The graduates received their diplomas, the final addresses were made (including an uncommonly secular invocation), and then we all filed into the mess hall for a post-ceremony luncheon. Unlike the last Eastern graduation we'd attended two years ago, it didn't appear that the students were being subjected to a humiliating pat-down on their way to lunch.
By this point I was so hungry that all I wanted to do was set myself on a course for some food. So while Gretchen continued her frenzied catching up with her old students (posing for several pictures and even giving an interview to the press along the way), I got at the end of a very long line snaking its way to the buffet. There were actually two such lines, and I was in the one comprised mostly of prisoners and their families. Periodically Gretchen would wave at me from whatever she was doing, which didn't seem to involve waiting in line for food. The first food on offer was a place of diced cantaloupe. I'm not normally a fan of cantaloupe, but I was so hungry that I devoured it with gusto and, I might say, enjoyed it far more than I expected to. Next in the buffet was salad, and I got a plate of it without cheese but with dressing. Again, I found myself unexpectedly pleased with the quality of prison food on offer.
I was mid-way through my salad, not having yet reached the third station in the buffet line, with a thin white woman walked up to me and asked if I was Gretchen's husband Gus. I acknowledged that I was, and she introduced herself as Megan, the same Megan referred to earlier where I touched on her possible talents managing a gold mining operation in the mouths of minorities. Something about her attitude set me immediately on edge, and this feeling was confirmed when she said she wanted to talk to me outside "for a moment." She also wondered if perhaps Gretchen had left a coat somewhere in the mess hall and where that might be. I didn't really know what else to do but comply with Megan's wishes; indeed, the festivities were almost over anyway.
When Megan had said we were going "outside" to talk, I'd assumed she'd meant out into the hallway, but when I went in that direction she said no, and directed me to a door on the wall of the mess hall that I hadn't ever noticed and certainly had never been through. Clearly it was only to be used for whatever this unusual occasion happened to be. Megan had to knock on the door to get it to open; there was prison sergeant on the other side in another mess hall. It was empty save for him and Gretchen, who had all that I needed to know written in the expression her face. I know I've really fucked up when I'm the cause of that expression, but in this case the responsible party was Megan, who wouldn't, as I conjectured, give a damn what a minority thought so long as it was her job to manage the extraction of gold from his or her mouth. "So they're pulling the plug on your time at the graduation?" I asked Gretchen. I don't recall what she said, but it was affirmative, and then she turned to Megan and said something like, "There's a real meanness in you." At that point I felt the need to stick up for Gretchen, so I chimed in. "Yeah, I've heard about you. You're a horrible person." Megan didn't say anything; her job there was done.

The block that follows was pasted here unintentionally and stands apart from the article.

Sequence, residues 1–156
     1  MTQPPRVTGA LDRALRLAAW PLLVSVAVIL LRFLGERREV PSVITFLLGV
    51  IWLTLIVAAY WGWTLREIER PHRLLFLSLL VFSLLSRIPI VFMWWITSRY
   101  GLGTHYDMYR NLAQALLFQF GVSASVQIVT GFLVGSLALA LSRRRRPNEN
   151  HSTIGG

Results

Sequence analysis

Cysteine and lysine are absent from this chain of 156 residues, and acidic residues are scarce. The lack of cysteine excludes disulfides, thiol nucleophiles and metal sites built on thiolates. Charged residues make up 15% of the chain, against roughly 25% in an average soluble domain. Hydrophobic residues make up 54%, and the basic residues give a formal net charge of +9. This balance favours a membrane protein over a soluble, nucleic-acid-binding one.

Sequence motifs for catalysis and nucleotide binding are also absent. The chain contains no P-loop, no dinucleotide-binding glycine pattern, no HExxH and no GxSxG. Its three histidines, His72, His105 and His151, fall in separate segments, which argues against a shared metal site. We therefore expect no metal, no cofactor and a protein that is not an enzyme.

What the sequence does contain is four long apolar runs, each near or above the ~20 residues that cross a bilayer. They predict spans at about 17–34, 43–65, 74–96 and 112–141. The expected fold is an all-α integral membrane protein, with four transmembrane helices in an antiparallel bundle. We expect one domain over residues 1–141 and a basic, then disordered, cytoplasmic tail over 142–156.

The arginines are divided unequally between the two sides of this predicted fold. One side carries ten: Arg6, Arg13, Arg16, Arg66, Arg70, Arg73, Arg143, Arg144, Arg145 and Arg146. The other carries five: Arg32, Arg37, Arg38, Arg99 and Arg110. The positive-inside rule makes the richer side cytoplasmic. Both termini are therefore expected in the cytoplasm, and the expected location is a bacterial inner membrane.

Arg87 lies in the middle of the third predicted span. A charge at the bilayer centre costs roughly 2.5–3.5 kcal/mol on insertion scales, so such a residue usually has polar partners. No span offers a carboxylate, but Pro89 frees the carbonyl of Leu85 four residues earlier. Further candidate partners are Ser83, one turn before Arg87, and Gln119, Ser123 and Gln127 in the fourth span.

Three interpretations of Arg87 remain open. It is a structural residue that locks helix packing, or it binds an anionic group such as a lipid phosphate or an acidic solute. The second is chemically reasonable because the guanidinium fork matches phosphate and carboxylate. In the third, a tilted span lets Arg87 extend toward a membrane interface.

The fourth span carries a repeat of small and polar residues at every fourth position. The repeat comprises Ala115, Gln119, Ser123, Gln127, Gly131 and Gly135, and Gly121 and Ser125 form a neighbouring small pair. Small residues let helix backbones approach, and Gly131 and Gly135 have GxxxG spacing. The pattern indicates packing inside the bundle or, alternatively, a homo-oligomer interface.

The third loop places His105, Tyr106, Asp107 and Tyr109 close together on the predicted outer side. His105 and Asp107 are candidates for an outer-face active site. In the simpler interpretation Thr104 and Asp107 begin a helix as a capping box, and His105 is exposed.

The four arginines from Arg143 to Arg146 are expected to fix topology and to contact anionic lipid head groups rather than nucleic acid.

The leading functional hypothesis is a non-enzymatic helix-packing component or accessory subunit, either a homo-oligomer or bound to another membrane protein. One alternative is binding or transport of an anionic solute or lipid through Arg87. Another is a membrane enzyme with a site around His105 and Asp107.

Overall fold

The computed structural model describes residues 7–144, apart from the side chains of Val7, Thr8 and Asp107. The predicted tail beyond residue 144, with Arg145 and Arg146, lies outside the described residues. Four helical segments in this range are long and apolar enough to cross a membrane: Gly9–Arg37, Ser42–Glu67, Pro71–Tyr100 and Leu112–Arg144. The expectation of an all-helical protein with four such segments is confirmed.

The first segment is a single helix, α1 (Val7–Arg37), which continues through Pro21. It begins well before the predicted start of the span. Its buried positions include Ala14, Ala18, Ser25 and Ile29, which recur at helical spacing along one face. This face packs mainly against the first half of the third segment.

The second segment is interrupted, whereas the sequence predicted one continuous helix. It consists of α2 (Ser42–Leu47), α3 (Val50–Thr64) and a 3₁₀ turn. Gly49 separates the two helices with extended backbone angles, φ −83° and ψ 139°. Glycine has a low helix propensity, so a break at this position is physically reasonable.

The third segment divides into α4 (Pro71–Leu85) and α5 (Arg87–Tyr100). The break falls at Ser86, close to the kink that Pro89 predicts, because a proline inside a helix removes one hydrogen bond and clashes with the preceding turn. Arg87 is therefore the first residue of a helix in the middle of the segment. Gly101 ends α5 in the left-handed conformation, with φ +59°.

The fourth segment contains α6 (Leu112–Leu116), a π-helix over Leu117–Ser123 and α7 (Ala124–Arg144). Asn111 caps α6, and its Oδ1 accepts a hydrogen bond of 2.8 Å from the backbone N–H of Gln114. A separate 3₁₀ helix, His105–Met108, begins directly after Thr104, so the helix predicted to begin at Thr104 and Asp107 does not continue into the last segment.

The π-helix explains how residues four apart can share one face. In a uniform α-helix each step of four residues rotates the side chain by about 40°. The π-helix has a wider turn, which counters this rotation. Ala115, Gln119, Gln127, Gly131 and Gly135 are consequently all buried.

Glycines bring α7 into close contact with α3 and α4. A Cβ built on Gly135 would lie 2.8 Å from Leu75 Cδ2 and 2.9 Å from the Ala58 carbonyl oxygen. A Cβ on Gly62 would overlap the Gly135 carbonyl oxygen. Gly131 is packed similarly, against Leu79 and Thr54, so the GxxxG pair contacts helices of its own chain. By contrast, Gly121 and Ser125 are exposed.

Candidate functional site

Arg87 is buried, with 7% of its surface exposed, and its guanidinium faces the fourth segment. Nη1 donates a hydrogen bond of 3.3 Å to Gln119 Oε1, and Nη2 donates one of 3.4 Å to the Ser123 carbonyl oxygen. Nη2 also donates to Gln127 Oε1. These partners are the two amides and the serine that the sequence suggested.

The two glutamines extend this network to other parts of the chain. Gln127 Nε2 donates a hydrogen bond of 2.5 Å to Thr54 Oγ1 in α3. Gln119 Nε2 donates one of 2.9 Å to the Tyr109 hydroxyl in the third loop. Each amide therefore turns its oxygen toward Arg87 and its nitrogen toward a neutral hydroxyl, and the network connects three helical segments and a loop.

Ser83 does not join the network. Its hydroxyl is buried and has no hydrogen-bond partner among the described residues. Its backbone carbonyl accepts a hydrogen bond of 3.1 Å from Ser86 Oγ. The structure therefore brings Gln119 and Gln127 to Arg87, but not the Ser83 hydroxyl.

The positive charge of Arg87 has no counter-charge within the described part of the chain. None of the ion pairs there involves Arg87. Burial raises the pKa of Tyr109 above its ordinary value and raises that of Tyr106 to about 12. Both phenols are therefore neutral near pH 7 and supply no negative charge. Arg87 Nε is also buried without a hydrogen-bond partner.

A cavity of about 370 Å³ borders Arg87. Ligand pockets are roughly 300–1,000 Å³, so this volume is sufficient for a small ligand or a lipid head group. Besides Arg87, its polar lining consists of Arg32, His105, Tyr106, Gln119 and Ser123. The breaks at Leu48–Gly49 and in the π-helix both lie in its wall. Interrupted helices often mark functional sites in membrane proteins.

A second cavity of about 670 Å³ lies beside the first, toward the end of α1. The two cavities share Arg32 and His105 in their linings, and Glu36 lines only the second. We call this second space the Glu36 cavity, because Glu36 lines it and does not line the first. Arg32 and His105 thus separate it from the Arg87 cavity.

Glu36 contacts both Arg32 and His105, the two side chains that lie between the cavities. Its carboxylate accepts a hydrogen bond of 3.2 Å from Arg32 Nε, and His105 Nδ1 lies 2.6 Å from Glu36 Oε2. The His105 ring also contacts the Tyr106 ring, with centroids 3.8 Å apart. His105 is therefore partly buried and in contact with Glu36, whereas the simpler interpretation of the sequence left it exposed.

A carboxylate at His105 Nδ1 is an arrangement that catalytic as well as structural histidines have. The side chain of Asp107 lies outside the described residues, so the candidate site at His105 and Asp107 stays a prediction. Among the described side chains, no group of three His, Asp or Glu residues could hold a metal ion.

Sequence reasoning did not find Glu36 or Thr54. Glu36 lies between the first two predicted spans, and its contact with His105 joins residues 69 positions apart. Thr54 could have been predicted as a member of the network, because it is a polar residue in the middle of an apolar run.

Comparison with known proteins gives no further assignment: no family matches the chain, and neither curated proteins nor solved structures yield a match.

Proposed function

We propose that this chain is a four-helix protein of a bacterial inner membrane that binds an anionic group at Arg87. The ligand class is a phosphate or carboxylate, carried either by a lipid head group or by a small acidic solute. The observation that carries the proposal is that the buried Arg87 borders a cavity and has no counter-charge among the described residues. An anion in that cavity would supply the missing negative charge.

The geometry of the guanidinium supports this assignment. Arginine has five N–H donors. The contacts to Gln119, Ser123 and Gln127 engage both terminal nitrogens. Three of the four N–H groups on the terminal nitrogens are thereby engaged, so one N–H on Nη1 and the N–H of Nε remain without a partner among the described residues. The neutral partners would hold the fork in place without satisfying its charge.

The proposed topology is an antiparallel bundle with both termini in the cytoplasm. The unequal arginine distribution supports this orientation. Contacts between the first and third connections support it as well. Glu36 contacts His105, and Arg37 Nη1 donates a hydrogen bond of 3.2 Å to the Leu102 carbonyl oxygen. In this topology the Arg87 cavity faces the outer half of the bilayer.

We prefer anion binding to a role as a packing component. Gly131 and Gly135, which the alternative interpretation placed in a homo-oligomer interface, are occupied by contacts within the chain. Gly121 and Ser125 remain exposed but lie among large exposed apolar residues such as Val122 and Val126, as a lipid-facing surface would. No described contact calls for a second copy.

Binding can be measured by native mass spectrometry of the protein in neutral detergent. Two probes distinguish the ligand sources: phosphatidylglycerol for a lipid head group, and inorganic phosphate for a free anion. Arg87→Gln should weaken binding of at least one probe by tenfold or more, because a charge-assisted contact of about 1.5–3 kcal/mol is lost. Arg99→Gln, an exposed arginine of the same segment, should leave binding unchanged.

One thing that is nice about leaving the prison in a party of two is that there is almost no logistical overhead. We were escorted to the front, signed out, and then left the building. (I was just finishing my plate of salad as we arrived at the outermost security gate.) Unfortunately, we couldn't immediately debrief owing to the needs of a woman in the parking lot who asked if she could place a call on Gretchen's cellphone. She had a broken arm and Gretchen had to do the dialing as well.
On the drive back north, Gretchen and I discussed what had just happened. She said she'd been in a conversation with a student named Carlos Carlo (the one who had first shouted her name during the graduation), and just as Carlos was about to introduce Gretchen to his family, Megan (who had been hovering nearby) stepped in and said that it would have to wait, that she needed Gretchen for a moment. She then had a sergeant unlock that locked door mentioned earlier, took Gretchen into that empty dining hall, and told Gretchen, "There have been reports that you have acted inappropriately with students, so I'm afraid I'm going to have to ask you to leave." "What, because we were hugging?" Gretchen asked. "That, and kissing," Megan replied. "I never kissed any students," Gretchen asserted, adding, "Look, you don't have to do this." But Megan has the cold mechanical heart of a robot sent from the future to ruthlessly administer a human bureaucracy. "I've had three people come up to me and say something," she said. Then it was back to practical matters, "Do you have a coat in there or anything?" she asked. "I have a husband in there," Gretchen replied. And so that was when the program running in Megan's control circuits jumped to the subroutine that sent her back in to fetch me.
Also somewhere within Gretchen's final conversation with Megan was a back-and-forth that went something like this:

Megan: Look, we were happy to have you come to graduation...